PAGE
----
The project workforce has expanded by nearly a fifth compared to a year ago, he says. The space venture’s manufacturing arm, The Spaceship Company in Mojave, California, recently began installing the nitrous oxide tank that feeds the liquid-solid hybrid rocket motor – a second-generation RocketMotorTwo engine.
Whitesides says the oxidiser tank will be bonded to the fuselage “a little bit later in the year”; the solid fuel mix that was being tested for the first time when SS2 ripped apart is unchanged. At the conference he showed video of a full 60s test firing on a test stand in Mojave.
The air vehicle passed its weight-on-wheels milestone in May and the fuselage has been successfully mated with WK2. Critical fatigue testing and pressure cycle testing of the main cabin has also been done and improved pilot seats – and the avionics system – are being integrated into the cockpit. “We’re now working to integrate all the systems into the vehicle: the plumbing, the electrical, the pneumatics, and other systems,” Whitesides says.
SS2-2 reflects the findings of the NTSB, which held a public meeting outlining itspreliminary conclusionsin July, but has yet to issue its final report. According to the board, the probable cause of the crash was “Scaled Composites’ failure to consider and protect against the possibility that a single human error could result in a catastrophic hazard to the SpaceShipTwo vehicle”, and the Federal Aviation Administration also comes under fire for failing to recognise this shortcoming.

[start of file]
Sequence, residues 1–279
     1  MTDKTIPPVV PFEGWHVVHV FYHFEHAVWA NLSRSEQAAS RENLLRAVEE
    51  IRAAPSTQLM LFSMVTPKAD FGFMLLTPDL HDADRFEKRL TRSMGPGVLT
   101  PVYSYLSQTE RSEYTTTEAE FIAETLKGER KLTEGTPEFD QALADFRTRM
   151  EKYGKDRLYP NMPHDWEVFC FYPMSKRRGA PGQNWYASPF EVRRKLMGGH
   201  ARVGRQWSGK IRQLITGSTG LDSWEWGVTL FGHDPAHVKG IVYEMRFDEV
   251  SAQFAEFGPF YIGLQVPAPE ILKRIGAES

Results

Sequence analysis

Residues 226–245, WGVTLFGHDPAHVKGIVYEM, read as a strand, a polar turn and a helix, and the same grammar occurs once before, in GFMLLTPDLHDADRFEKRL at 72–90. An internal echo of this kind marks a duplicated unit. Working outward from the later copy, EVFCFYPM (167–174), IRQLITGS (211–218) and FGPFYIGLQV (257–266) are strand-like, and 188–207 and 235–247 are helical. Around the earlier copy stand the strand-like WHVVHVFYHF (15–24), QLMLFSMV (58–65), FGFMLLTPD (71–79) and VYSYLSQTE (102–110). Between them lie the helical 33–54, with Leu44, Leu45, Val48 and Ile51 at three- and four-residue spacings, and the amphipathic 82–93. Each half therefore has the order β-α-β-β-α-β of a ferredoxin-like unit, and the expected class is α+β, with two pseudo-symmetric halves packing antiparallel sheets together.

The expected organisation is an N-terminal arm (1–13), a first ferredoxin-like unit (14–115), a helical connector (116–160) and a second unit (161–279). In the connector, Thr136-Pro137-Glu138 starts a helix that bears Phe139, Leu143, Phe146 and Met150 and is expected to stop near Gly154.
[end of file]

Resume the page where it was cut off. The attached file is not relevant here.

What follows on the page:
While the new vehicle features enhancements including a device to prevent the feathering unit from deploying prematurely, Virgin Galactic is perhaps understandably keen to show that little has changed – in terms of the space vehicle itself and the wider space tourism concept. Tickets remain on sale.
“At a top level, the airframe itself is sound, the propulsion system is sound, and we require very few changes to the vehicle following our test flight accident,” says Whitesides. He adds: “WhiteKnight should be flying very soon. That will be a great moment [when] she will be waiting for the spaceship, which should be coming along soon.”